The gameplay is, more or less, the same as the it was in the previous two games. In this one, Spyro will explore over 30 worlds, defeat enemies, complete puzzles, participate in mini-games, and collect eggs and the usual colored gems. He doesn’t have any brand-new moves, but the controls are still fine, if a bit iffy when trying to both charge forward and jump; often, I would just send our poor tiny, purple dragon right off a cliff’s edge. The camera remains a constant opponent. That said, it’s still a lot of fun to explore these worlds and find all the hidden-away gems or see a dragon egg in the distance and figure out how to reach it.

Spyro’s quest to recapture the dragon eggs stolen by the Sorceress is aided by a number of furry and fuzzy friends. Such as Bentley the yeti, Sheila the kangaroo, Sergeant Byrd the flying penguin, and Agent 9, a blaster-wielding space monkey. These characters are represented in unique levels to highlight their different powers and abilities, with puzzles only for them. For example, Sergeant Byrd, has large, open levels to match his ability to fly and long-distance attacks. There’s also Sheila, who has much more vertical levels to make use of her double-jump ability, and these sometimes look like a traditional 2D platformer.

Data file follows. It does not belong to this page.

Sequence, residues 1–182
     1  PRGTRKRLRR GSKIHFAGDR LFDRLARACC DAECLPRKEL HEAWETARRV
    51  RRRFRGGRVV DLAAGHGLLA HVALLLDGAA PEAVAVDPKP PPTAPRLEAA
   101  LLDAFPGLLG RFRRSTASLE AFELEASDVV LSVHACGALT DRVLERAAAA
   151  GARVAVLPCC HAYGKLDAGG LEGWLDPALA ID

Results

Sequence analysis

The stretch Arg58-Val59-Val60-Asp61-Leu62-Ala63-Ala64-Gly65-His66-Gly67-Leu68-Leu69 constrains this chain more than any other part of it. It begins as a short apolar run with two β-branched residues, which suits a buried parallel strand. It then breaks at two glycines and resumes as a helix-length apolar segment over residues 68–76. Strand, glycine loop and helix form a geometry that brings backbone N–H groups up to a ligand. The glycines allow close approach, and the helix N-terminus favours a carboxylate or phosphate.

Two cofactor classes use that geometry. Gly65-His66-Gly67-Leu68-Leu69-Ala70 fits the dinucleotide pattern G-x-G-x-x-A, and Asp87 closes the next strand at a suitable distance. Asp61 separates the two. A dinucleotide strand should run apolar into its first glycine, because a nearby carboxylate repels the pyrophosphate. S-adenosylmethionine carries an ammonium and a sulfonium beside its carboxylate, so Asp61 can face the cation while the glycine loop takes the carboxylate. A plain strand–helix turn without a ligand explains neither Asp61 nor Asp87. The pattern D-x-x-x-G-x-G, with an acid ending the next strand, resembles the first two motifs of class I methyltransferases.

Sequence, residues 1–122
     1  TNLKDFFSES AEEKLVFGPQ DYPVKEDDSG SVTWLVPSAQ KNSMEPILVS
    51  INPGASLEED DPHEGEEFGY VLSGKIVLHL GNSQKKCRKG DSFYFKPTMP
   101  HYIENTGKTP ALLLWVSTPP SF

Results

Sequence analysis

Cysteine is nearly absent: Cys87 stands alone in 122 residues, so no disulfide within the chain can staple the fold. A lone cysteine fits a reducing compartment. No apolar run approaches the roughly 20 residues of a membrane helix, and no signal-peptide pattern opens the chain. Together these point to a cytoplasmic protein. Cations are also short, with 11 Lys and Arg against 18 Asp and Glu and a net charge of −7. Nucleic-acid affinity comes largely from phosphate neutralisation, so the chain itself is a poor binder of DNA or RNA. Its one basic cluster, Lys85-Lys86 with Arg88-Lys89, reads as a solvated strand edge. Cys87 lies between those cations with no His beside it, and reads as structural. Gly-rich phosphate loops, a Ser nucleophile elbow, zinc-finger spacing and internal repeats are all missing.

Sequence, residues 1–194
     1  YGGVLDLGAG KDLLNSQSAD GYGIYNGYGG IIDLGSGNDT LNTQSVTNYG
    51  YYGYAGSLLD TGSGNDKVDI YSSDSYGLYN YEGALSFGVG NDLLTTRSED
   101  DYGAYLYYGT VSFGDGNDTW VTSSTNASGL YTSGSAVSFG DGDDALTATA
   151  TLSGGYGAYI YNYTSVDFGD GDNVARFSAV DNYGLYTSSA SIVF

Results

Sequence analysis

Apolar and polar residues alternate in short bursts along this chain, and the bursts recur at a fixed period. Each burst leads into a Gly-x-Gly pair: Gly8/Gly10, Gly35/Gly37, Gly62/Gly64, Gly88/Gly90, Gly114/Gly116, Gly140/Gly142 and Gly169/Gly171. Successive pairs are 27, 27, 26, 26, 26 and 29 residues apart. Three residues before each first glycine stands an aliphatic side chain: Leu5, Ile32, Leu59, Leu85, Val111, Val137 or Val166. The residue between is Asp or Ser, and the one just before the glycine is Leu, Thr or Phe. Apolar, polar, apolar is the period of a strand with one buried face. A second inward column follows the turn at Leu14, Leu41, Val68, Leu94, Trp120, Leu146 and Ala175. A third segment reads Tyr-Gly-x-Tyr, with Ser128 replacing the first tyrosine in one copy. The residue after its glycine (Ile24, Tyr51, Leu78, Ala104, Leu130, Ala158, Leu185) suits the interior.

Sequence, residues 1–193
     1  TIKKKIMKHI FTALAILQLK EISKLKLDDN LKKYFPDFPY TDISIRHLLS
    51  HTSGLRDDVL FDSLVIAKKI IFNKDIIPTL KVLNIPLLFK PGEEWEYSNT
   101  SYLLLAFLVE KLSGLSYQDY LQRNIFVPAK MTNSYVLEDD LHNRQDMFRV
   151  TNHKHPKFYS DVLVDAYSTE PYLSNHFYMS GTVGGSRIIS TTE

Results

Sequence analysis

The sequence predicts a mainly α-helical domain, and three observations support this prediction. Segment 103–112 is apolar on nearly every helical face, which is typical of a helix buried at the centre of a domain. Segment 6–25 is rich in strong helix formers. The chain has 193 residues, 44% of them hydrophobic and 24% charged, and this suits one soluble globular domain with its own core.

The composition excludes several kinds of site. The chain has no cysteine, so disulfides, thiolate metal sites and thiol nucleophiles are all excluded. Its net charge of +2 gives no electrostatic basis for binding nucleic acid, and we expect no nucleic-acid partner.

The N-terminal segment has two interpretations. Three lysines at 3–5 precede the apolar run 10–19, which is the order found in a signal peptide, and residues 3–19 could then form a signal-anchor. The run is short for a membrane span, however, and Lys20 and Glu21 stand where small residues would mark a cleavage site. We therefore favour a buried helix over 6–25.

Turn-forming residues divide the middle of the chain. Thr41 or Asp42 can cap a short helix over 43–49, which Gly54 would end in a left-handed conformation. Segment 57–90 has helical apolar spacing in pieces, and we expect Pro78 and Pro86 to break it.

Spyro: Year of the Dragon‘s graphics, sound, and charm all work together to create something special. Yes, even some eighteen years later. The character designs, while low on the polygon count, still show off Insomniac’s knack for creating iconic characters that are the step-stones for what’s to come down the road, namely the Ratchet and Clank series. Honestly, I’m excited to revisit all three games next month, and I promise to get all them dragon eggs back from the Sorceress. Why? Well, mostly because they’ll be tied to Achievements. Ha, I can’t quit caring about those digital bursts of dopamine.

Advertisements

Jellybeans and commands galore in A Boy and His Blob

A Boy and His Blob has been a long time coming in my “need to play” part of my brain. Probably ever since I saw Giant Bomb‘s Quick Look of the game almost ten years ago and listening to the duders there melt into emotional puddles as the boy would hug his newly found Blob friend. That said, I can’t quite remember when I procured my digital copy on Steam, but I finally installed it a few weeks ago and played through a good chunk of the first world, which is set mainly in a forest. Naturally, like the good blob that I am, I have thoughts.